Think of a stone falling into a pond. It happens in an instant, but the ripples on the water’s surface spread in the periphery long after the stone is submerged. Psychological trauma lingers similarly—quick action can initiate long-term challenges but new research also suggests the benefits of a holistic approach.
Psychological trauma is common—50% of women experience at least one traumatic event in their lifetime, most commonly by sexual abuse and/or physical violence in childhood and as an adult.
Traditional mental health treatment for trauma exposure generally includes three to six months of outpatient psychotherapy with a trauma specialist. Making it to every visit is crucial, though challenging—especially for working women, caregivers, and people living under duress.
In a first of its kind study, Georgetown University Medical Center and MedStar Health Research Institute recently examined the effectiveness of a holistic, retreat-based approach for trauma-exposed women. The study team also included community investigators Sherisa Dahlgren, LMFT and Monica Martinez, MS.
Compared with traditional treatment, our researchers found that participation in the trauma-informed Holistic Healing Arts Retreat program for five days of intensive therapeutic activities resulted in swifter and longer-lasting relief from:
- Co-occurring depression
- Perceived stress
In addition, participants experienced greater mindfulness skills:
- Non-reactivity to difficult emotional experiences
- Decreased self-judgment
- Accept of one’s own internal emotional experience in the moment
People with untreated trauma are at higher risk for substance use disorder, anxiety, depression, and suicide—which is the tenth-leading cause of death in the U.S. This research suggests that taking a more direct, intensive, holistic approach could provide equal or better outcomes than traditional outpatient treatment in less time.
A new approach to treating trauma in women.
At its core, the Holistic Healing Arts Retreat model focuses on the individual’s inherent resilience and radical acceptance of internal experience—honoring the women’s autonomy and agency – while offering connection through healing community. Everything in the retreat is offered through invitation – no one is made to participate in the workshops and other activities, creating an individual pace for wellness.
The study included a group of 110 racially and ethnically diverse females, age 18 and up, with a history of interpersonal trauma (child abuse, sexual assault, or domestic violence), who had previously received trauma-informed community-based social services.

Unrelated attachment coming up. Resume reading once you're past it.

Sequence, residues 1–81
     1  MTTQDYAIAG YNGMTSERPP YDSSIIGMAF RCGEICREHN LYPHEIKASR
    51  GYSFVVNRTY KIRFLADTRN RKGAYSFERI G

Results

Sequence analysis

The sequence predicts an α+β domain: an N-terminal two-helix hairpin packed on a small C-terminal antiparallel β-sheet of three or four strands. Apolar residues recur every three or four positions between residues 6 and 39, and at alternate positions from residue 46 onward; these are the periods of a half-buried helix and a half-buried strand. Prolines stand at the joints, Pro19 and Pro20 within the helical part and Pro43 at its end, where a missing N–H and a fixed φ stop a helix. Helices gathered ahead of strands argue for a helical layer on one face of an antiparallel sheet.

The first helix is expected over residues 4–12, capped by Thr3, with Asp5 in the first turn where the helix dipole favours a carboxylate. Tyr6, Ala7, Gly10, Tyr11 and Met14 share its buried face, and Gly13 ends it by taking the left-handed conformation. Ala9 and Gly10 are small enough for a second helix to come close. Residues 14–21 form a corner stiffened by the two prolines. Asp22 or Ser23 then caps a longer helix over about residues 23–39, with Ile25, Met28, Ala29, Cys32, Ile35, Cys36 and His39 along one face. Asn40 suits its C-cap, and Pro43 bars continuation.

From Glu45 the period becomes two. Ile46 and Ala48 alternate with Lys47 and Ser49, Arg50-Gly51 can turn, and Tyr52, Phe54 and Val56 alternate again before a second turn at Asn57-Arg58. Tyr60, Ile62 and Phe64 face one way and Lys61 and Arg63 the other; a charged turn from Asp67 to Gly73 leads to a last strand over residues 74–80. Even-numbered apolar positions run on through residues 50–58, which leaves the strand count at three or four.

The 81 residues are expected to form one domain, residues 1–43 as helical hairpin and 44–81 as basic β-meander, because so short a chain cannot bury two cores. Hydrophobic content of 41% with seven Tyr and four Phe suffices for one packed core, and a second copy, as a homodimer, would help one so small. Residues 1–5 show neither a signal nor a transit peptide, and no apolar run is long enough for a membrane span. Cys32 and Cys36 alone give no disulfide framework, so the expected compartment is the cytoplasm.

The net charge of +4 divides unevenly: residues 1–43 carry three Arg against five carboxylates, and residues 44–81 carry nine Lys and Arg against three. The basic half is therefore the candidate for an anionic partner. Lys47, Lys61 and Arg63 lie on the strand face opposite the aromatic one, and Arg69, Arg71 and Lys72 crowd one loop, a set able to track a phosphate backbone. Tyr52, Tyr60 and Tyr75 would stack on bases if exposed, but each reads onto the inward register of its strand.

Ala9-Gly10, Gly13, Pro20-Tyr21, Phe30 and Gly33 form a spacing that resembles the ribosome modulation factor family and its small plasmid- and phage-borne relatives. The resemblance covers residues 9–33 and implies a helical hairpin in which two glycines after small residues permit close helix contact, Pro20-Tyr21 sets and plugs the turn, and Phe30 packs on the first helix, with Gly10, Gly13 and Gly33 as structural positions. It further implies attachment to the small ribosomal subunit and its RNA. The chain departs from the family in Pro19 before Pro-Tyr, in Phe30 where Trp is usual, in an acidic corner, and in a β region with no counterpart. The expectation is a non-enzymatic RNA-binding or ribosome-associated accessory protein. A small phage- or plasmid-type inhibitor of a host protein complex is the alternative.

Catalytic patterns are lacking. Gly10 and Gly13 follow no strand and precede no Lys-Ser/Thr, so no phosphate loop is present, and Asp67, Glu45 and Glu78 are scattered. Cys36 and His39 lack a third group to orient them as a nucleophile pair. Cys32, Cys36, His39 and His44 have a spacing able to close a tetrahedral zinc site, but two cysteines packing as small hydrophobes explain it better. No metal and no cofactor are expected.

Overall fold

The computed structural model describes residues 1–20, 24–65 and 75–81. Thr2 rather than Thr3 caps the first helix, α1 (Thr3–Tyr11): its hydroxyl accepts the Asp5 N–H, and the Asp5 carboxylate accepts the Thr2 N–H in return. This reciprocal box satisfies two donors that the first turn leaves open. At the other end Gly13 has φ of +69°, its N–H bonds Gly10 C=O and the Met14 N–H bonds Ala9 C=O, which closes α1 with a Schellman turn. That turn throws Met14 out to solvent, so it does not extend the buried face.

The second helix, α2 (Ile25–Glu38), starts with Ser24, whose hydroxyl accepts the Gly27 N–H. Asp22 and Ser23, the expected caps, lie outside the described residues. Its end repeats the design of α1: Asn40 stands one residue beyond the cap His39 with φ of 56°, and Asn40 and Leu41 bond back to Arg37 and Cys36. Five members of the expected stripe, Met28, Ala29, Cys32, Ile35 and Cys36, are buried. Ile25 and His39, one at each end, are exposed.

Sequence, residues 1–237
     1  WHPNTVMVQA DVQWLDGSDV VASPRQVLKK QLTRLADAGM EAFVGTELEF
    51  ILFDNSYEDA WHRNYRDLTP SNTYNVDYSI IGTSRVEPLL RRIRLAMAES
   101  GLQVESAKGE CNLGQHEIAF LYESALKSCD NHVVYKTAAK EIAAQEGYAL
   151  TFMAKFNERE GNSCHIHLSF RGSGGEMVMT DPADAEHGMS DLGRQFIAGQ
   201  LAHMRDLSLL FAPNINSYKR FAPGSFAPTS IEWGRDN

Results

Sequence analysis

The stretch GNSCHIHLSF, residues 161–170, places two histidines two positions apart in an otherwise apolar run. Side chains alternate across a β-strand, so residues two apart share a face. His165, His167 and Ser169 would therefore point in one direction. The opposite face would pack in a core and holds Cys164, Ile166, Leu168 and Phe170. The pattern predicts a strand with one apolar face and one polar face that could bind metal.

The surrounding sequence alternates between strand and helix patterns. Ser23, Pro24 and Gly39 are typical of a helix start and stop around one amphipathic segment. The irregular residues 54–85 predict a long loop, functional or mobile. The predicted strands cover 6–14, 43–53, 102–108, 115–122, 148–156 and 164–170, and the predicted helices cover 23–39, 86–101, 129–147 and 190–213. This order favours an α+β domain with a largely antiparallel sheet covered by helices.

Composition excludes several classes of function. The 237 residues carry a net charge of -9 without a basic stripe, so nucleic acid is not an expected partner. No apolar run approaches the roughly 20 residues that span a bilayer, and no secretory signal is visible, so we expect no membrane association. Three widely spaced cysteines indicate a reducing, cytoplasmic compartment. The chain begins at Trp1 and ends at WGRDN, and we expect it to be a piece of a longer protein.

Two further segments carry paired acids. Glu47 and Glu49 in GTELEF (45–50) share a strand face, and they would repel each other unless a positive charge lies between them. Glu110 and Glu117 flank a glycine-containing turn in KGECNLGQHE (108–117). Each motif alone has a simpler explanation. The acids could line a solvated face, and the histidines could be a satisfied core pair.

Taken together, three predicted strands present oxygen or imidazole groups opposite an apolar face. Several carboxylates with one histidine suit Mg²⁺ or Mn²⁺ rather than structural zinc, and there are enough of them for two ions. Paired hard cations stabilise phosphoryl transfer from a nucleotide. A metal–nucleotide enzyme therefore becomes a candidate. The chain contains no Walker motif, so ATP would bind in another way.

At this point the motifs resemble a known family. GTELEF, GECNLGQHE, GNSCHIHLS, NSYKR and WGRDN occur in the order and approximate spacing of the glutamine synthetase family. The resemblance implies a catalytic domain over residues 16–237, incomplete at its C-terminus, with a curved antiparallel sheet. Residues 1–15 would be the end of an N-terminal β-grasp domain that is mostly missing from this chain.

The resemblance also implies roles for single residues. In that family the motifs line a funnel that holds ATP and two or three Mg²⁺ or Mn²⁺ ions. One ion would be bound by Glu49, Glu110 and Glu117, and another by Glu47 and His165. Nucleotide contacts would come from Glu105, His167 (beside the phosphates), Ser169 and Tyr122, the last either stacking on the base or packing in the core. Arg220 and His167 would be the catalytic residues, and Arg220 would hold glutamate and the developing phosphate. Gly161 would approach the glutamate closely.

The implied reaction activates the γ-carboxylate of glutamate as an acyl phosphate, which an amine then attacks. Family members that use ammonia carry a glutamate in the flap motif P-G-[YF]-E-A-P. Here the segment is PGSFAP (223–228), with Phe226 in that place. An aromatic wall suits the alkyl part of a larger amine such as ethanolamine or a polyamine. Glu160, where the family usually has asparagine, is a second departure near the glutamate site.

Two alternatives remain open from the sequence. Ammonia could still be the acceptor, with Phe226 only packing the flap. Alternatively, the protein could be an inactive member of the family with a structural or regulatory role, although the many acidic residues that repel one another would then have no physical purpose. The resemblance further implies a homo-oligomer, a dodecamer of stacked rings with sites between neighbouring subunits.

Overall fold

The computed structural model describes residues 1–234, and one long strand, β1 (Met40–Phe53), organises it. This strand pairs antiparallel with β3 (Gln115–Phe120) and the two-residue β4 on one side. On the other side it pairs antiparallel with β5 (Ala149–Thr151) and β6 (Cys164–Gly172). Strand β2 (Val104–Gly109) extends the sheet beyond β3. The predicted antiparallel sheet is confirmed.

Every detail of the retreat was trauma-informed—from the workshop descriptions to collaborative meal preparation. The structured curriculum included therapeutic workshops rooted in:
- Psychoeducation related to trauma and the structural injustices that support it.
- Creative movement
- Visual arts expression
- Mindfulness practices, such as yoga
- Outdoor education challenges and immersion in nature
Participants could also choose to participate integrative modalities such as massage. Clinical support services were also available 24/7.
By removing distractions and providing a safe environment, participants could focus on their own healing. The team of trauma-informed, multi-disciplinary providers helped retreat participants chart a trajectory of health and well-being, where symptom relief was a by-product rather than the focus.
Participants were followed one, four and seven months after the retreat, with the majority reporting lasting positive effects seven months later.
Are you or a loved one experiencing symptoms of trauma or PTSD?
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Community resources, and next steps.
Responses to trauma vary among women and can appear immediately or months to years after a traumatic event. If you or someone you know is in crisis or just needs someone to talk to now, call one of these anonymous resource lines for help:
For women—especially those without support systems and those with work and caregiving responsibilities—committing to weeks or months of doctor visits for traditional treatment can seem overwhelming.
Investigators are evaluating how to apply the Holistic Healing Arts Retreat model in communities throughout the U.S. While more research is needed, our findings are a positive step forward in women’s behavioral health care.
Dutton, M. A., Dahlgren, S., Martinez, M., & Mete, M. (2021). The holistic healing arts retreat: An intensive, experiential intervention for survivors of interpersonal trauma. Psychological Trauma: Theory, Research, Practice, and Policy. Advance online publication. https://doi.org/10.1037/tra0001178
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